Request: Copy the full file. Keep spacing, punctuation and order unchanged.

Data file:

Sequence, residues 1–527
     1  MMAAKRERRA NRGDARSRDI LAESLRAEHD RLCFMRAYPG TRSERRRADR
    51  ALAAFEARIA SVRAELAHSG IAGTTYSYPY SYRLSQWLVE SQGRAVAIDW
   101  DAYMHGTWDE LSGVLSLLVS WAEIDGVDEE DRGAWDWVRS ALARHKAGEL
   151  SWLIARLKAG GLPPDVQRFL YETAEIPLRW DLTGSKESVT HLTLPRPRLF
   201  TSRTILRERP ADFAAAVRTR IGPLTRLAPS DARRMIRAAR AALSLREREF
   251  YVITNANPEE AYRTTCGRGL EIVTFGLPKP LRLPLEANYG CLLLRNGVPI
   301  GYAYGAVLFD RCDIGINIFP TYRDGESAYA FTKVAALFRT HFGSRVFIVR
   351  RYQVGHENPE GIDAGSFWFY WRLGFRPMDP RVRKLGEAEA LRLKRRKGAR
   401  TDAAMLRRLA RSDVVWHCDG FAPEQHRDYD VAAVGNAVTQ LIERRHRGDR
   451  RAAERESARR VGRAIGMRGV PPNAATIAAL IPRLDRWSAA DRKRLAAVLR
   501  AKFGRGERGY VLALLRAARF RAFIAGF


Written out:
Sequence, residues 1–527
     1  MMAAKRERRA NRGDARSRDI LAESLRAEHD RLCFMRAYPG TRSERRRADR
    51  ALAAFEARIA SVRAELAHSG IAGTTYSYPY SYRLSQWLVE SQGRAVAIDW
   101  DAYMHGTWDE LSGVLSLLVS WAEIDGVDEE DRGAWDWVRS ALARHKAGEL
   151  SWLIARLKAG GLPPDVQRFL YETAEIPLRW DLTGSKESVT HLTLPRPRLF
   201  TSRTILRERP ADFAAAVRTR IGPLTRLAPS DARRMIRAAR AALSLREREF
   251  YVITNANPEE AYRTTCGRGL EIVTFGLPKP LRLPLEANYG CLLLRNGVPI
   301  GYAYGAVLFD RCDIGINIFP TYRDGESAYA FTKVAALFRT HFGSRVFIVR
   351  RYQVGHENPE GIDAGSFWFY WRLGFRPMDP RVRKLGEAEA LRLKRRKGAR
   401  TDAAMLRRLA RSDVVWHCDG FAPEQHRDYD VAAVGNAVTQ LIERRHRGDR
   451  RAAERESARR VGRAIGMRGV PPNAATIAAL IPRLDRWSAA DRKRLAAVLR
   501  AKFGRGERGY VLALLRAARF RAFIAGF